St. Paul’s AME Remembrance Sunday Service

November 6, 2011

During their regular Sunday morning service today [Nov.6], St Paul’s AME congregation held a special service of dedication.

The particular dedication and blessing was of two flags, one remembering the Bermuda Militia Artillery [1897 -1965], and the other the Bermuda Militia Infantry [1942-1946].

Both units consisted of black Bermudians who, until 1960, were always commanded and officered by white Bermudians. Both units saw wartime service [in the photo then British Prime Minister Winston Churchill inspects BMA soldiers on Front Street during his 1953 Bermuda summit meeting with US President Dwight Eisenhower].

In 1916, over 240 of these black Bermuda Militiamen voluntarily transferred into the Bermuda Contingent, Royal Garrison Artillery.

They served in France from June, 1916-June, 1919.

During World War Two, one hundred black Bermudians went overseas as the Bermuda Contingent, 1st Caribbean Regiment. They served in Italy, Egypt and British Mandatory Palestine between 1943 and 1946.

Overall, in these two wars, eleven of these black Bermudian soldiers died and lie buried in foreign lands. Their bodies are scattered in well-maintained military cemeteries in England [one], France [seven], Belgium [two] and Italy [one].

St. Paul’s Pastor, Reverend Lanel Guyton blessed the two flags. But before doing so, he called on Minister of National Security Wayne Perinchief and ex-Captain Larry Burchall and ex-Major Randy Butler [both formerly BMA and the Bermuda Regiment] to stand alongside the flags as representatives of the two units and of the national Government.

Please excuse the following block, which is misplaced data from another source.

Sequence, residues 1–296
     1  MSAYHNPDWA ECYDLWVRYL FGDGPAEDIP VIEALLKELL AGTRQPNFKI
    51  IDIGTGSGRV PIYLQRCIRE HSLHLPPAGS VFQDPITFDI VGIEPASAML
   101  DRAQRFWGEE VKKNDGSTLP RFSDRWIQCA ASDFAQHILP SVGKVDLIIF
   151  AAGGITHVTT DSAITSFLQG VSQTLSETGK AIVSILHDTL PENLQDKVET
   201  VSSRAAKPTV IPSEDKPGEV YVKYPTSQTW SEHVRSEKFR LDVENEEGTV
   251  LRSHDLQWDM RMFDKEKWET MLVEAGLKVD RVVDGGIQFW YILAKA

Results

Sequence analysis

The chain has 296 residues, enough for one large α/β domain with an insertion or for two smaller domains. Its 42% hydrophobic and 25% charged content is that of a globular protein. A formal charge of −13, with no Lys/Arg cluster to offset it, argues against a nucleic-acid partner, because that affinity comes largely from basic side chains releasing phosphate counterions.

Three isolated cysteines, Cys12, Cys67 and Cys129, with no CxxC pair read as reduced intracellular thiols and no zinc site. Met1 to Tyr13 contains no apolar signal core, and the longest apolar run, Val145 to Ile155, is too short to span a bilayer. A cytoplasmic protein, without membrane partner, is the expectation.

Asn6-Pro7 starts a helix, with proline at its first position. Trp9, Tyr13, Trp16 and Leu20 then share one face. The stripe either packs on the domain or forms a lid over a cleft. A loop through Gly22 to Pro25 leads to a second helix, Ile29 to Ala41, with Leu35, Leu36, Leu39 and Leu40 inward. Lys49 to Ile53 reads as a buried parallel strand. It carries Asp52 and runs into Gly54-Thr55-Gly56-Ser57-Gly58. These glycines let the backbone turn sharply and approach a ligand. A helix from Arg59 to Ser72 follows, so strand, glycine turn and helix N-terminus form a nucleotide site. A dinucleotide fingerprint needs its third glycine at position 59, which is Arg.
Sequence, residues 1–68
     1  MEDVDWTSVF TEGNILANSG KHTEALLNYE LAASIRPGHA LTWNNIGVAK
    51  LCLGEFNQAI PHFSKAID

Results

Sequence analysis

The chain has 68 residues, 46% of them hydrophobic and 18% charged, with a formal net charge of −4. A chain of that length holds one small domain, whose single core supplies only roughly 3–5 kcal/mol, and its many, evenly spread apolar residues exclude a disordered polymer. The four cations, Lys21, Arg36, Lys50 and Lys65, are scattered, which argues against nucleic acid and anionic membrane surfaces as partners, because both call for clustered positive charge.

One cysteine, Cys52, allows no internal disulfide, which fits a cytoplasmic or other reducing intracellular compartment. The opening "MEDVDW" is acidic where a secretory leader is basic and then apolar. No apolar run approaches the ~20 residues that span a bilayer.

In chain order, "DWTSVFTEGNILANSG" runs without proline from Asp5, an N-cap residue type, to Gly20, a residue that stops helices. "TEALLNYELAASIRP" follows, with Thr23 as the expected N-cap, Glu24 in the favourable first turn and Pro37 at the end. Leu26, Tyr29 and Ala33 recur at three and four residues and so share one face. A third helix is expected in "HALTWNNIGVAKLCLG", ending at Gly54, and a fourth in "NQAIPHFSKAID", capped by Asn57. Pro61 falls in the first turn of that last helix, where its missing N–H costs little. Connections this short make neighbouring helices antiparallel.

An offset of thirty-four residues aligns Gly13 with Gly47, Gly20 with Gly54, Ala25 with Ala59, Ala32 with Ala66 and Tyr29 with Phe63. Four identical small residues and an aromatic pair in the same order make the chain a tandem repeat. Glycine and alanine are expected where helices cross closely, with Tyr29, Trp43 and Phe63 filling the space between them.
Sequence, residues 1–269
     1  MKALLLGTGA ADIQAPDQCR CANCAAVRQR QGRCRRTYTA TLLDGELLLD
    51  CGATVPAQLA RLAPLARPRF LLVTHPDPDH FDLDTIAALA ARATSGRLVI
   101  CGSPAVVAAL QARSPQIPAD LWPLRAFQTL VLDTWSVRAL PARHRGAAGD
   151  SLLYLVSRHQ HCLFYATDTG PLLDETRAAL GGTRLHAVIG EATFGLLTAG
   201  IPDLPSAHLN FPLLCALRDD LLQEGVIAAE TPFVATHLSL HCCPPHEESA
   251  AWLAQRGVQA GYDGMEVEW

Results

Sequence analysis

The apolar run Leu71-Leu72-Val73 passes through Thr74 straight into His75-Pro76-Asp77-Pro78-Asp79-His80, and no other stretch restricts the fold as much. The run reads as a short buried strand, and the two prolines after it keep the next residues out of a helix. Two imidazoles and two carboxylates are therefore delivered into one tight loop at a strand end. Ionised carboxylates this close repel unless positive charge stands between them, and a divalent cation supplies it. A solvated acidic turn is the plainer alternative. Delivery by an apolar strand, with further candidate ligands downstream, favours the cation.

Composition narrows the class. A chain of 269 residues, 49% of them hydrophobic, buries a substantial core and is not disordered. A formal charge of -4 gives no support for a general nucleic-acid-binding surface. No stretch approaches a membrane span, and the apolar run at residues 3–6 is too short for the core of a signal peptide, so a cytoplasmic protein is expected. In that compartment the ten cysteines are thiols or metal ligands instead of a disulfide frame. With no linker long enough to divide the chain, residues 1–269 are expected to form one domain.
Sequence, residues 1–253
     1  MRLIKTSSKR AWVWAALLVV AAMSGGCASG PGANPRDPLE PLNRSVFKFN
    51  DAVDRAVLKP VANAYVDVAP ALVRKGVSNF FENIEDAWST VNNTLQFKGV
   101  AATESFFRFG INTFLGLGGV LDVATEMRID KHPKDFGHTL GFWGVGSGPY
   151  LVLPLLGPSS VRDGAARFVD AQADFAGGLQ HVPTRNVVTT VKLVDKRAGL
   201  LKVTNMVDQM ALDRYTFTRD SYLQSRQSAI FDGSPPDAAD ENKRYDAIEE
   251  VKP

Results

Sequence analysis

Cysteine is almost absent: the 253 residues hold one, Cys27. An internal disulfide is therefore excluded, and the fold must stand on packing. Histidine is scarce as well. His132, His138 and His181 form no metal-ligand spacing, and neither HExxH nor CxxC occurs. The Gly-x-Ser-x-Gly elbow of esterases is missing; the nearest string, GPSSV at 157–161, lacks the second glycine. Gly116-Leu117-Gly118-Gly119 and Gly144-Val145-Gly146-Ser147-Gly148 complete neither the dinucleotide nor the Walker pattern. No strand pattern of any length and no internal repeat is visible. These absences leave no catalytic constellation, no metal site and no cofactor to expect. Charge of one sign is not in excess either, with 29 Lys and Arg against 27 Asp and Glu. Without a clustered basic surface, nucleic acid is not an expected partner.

Rev. Guyton also presented four special certificates of recognition. One was to Mr. Randolph Hayward. Mr Hayward was a member of the BMI contingent that served with the Caribbean Regiment.

BMA Enlisted Men, NCOs And Officers In France During World War One [1914-1918]

Mr. Hayward had always resented the disparity in the postwar treatment accorded to the white soldiers of the Bermuda Volunteer Rifle Corps [BVRC] and the black soldiers of the BMI.

Mr. Hayward’s feelings on behalf of his BMI comrades was finally recognised in 2007 when the present Government moved to accord pension and health benefits to all those men who had served, locally or overseas, during the 1939-1945 Second World War.

His feelings were so strong that for 60 years, from 1946 to 2006, he refused to participate in the annual 11th November Remembrance Day commemorations.

Mr. Hayward did so for the first time on November 11th 2007 when, representing the Bermuda Contingent, 1st Caribbean Regt, he laid a wreath at the Cenotaph on behalf of his comrades.

The second and third certificates were to Deputy Premier Derrick Burgess and Carol Everson.

As Works Minister, Mr. Burgess was instrumental in creating the black and white granite monument that stands in the southeast corner of the Cabinet grounds and that displays the names of all Bermudians who served in World War l [1914-1918] and World War ll [1939 - 1945].

Ms Everson was recognised for her tireless efforts on behalf of Bermuda’s black ex-servicemen who had served during World War Two.

The fourth certificate was to former Government Senator Lt. Colonel David Burch who piloted through the legal amendments that allowed the payment of pensions and provision of health benefits to all ex-servicemen who had seen war service.

The Bermuda Regiment’s Major Marc Telemaque, a member of St Paul’s congregation and closely involved with today’s re-dedication, intimated that this Remembrance Sunday service might become an annual event.

National Security Minister Wayne Perinchief, Lt. Col. David Burch, Ms Carol Everson, Deputy Premier Derrick Burgess. former Captain Larry Burchall and former Major Randy Butler At St. Paul’s AME 

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Comments (2)

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  1. Terry says:

    Bernews, are you having a problem with posts?

    Or are you selecting those that suit.

    Let me know.

    (thats of course if this is posted)